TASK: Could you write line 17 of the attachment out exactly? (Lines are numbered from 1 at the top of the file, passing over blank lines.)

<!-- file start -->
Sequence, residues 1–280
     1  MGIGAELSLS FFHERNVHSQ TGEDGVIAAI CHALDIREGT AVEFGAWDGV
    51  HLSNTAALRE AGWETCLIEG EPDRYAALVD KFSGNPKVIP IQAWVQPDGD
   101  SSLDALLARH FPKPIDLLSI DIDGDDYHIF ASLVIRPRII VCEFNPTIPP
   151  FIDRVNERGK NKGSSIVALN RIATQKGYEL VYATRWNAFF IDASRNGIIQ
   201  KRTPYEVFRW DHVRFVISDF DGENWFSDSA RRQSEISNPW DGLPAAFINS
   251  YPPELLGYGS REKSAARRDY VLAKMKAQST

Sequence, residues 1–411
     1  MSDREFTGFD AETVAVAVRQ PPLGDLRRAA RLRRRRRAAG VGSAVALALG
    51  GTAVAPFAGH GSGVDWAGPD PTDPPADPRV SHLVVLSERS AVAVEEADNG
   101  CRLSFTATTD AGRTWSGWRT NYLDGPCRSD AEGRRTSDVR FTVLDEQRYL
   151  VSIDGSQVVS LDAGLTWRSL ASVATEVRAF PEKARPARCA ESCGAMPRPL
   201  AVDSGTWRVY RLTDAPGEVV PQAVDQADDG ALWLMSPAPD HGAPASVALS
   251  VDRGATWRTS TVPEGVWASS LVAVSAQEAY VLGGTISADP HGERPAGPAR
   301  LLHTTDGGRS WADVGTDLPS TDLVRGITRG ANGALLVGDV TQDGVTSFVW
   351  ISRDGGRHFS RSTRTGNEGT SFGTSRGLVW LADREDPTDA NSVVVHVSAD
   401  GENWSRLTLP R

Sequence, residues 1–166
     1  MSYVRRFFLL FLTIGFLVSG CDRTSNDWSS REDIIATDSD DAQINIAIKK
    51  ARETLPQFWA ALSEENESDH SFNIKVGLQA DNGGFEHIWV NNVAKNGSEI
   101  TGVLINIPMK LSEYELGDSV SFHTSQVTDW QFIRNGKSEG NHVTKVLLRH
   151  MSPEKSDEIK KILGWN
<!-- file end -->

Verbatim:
   401  GENWSRLTLP R